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Unfolding failure. Lessons from a melting iceberg

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Ever faced situations where ideas varied in execution quality? There are good ideas poorly executed, bad ideas well executed, and then there are bad ideas executed even worse. Let me share an example of the latter. In July, the eighth edition team of the "Arctic Challenge" expedition set out from Costa del Sol to Greenland. Their goal? To document climate change effects and undertake the "Iceberg Operation" — transporting a 15,000-kilogram (approx. 33,000-pound) glacier chunk to Spain, exhibiting it in central Malaga, where it would gradually melt.

Noble intention to raise climate awareness, right? Well, it stirred controversy, especially drawing criticism from Ecologistas en Acción, labeling it counterproductive and mere PR by authorities.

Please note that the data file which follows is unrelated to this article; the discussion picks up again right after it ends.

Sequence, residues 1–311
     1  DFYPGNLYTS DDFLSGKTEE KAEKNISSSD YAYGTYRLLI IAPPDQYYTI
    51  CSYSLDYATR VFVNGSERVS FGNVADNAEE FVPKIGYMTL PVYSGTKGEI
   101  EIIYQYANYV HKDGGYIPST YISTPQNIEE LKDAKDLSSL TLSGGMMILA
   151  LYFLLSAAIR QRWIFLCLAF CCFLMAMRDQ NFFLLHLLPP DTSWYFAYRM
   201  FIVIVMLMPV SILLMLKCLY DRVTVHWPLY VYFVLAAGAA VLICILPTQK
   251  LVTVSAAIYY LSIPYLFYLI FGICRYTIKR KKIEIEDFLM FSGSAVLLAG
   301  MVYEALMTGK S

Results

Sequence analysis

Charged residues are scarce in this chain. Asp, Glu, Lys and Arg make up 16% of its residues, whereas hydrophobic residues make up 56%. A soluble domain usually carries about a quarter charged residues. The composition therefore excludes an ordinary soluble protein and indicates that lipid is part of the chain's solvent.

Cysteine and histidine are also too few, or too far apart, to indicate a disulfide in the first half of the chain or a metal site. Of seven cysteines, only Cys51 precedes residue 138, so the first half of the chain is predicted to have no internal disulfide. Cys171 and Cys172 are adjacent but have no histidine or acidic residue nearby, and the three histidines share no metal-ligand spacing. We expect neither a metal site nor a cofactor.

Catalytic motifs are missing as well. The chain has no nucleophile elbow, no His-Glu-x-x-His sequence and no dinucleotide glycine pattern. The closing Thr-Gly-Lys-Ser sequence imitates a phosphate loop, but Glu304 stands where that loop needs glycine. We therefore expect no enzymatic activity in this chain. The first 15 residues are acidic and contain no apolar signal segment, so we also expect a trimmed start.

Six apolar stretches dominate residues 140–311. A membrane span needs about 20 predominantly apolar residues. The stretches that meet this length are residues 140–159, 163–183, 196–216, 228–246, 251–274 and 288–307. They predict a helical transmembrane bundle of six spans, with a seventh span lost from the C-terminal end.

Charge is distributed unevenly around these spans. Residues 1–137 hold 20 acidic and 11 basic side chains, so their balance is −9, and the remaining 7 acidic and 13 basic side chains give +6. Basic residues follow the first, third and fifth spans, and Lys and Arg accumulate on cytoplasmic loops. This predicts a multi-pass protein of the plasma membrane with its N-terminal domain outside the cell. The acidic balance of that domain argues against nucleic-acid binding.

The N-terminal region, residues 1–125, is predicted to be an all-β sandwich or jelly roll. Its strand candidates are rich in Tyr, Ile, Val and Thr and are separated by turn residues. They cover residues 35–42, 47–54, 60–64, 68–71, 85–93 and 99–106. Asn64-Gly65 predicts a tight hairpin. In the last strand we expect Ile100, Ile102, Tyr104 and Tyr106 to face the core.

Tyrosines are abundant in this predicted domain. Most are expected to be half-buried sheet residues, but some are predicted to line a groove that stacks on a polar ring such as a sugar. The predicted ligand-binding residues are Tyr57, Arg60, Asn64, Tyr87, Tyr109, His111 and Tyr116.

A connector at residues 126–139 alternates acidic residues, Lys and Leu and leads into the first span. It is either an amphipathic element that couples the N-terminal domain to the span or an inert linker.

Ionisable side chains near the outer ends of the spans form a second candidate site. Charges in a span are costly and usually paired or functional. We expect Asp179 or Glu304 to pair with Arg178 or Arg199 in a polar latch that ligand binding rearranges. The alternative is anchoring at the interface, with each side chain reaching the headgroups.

The Project

Led by Málaga explorer Manuel Calvo Villena, the expedition ran from July 17th to August 3rd. The plan? Ship the massive ice chunk in a refrigerated vessel at -22°C from Greenland to southern Spain. All seemed well until the shipping company reported a mishandled load, leading the ice block to impact the container doors, breaking into four pieces. Despite this setback, they decided to continue. After days at sea (more than initially planned), the captain confirmed the iceberg wouldn't arrive, sharing a picture where the largest piece resembled a watermelon. Everyone was astonished. The project went belly up... or maybe not?